Few releases this year have proved as divisive as The Last of Us Part 2. While the PlayStation 4 game has smashed sales records and dominated worldwide gaming charts, it’s also been at the centre of of a particularly virulent backlash from former fans.
While some early hate came as a homophobic response to the inclusion of LGBT+ characters and narrative arcs, other players have heavily criticised the game’s plotting; particularly the death of a particularly beloved character from the original game. This led to a ‘review-bombing’ from players in the early stages of the game’s release.
The game’s director, Neil Druckmann, has now spoken publicly about the response in depth for the first time. While appearing on the New York Videogame Critics Circle podcast, Druckmann acknowledged the response from players, saying “I think you have to create some separation to say, we made this game, we believe in this game, we’re proud of this game, now it’s out there and it’s like whatever reaction people have–whether they like it or not–that’s fair…that’s their reaction and you don’t fight that.”
However, Druckmann went on, “the more hateful stuff, the more vile stuff, that’s a little harder. It’s especially harder when I see it happening to team members or cast members who play a particular character in the game.”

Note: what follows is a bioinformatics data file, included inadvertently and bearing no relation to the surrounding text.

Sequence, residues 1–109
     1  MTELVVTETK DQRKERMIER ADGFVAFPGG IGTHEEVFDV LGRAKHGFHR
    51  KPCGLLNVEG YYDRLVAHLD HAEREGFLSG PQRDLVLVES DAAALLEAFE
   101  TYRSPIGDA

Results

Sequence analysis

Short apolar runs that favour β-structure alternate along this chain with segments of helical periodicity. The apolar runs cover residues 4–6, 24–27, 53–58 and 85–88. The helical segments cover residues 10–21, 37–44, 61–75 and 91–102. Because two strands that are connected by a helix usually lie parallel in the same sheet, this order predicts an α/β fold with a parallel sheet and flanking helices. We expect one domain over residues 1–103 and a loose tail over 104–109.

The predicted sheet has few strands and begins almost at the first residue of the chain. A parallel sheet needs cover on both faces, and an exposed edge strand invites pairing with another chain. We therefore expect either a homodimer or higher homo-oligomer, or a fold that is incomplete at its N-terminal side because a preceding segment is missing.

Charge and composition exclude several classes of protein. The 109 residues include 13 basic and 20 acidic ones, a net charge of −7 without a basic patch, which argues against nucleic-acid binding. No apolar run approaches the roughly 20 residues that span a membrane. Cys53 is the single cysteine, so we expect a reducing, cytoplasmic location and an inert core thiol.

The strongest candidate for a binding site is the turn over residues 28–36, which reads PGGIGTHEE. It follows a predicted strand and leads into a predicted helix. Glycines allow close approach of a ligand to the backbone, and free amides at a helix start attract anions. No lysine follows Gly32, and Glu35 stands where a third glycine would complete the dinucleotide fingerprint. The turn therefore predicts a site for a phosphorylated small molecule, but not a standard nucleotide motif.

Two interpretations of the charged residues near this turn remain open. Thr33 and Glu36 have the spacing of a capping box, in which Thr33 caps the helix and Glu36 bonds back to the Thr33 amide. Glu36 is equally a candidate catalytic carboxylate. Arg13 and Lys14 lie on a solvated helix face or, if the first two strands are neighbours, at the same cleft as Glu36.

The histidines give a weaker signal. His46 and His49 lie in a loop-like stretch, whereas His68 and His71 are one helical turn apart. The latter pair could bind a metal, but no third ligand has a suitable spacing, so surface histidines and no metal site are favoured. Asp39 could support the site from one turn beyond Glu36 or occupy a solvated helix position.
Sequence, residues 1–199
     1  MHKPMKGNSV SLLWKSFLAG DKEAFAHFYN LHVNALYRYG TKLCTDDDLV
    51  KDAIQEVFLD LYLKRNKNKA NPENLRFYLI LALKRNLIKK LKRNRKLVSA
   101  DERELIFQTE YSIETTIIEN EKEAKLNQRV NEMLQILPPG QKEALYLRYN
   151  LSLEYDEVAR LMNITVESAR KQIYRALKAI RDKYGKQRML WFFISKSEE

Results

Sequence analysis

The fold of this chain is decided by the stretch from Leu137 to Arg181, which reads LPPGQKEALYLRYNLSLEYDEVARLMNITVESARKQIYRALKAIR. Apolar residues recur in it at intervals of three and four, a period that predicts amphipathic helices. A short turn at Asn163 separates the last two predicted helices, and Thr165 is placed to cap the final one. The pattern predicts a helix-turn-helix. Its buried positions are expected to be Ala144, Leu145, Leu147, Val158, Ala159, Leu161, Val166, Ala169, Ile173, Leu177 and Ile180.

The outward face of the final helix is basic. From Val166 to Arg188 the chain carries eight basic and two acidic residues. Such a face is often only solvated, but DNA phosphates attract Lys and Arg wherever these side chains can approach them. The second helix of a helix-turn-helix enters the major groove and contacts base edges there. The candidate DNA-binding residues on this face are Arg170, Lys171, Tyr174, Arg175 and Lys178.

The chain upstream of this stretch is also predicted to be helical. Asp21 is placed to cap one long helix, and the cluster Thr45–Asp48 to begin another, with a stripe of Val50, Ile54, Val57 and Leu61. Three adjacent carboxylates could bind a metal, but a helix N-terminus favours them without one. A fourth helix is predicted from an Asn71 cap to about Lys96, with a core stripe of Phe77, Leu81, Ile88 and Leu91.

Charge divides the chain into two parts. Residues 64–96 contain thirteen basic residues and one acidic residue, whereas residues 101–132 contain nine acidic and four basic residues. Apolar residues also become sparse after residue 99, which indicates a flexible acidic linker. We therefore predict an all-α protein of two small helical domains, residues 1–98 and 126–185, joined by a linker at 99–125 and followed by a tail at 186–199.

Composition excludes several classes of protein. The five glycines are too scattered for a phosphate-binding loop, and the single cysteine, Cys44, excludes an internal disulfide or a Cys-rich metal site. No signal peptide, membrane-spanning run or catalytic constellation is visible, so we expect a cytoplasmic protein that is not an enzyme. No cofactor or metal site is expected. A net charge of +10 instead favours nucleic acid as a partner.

The director clarified that one of the voice actors behind a leading cast member had been the subject of online abuse. “I just have a hard time wrapping my mind around that. The thing I try to do is just ignore it as much as I can,” he said. “When things escalate to being serious, there are certain security protocols that we take and I report it to the proper authorities. Then you just try to focus on the positives and focus on distracting yourself with other stuff. But it’s kind of just the reality.”
The Last of Us is currently in the process of being adapted to an HBO series, in collaboration with Chernobyl writer Craig Mazin. Speaking about Mazin, Druckmann said “I’ve had a lot of conversations with him about this stuff. He articulated it pretty well, it’s like people have to get educated. This is kind of the cost. When you’re doing something big, and you might disappoint fans, there is a cost to it now…a certain level of vitriol that you just have to deal with. There is no other way to make it go away.”
In other gaming news, Sony has shared the list of PlayStation Plus titles that will be free to download in July.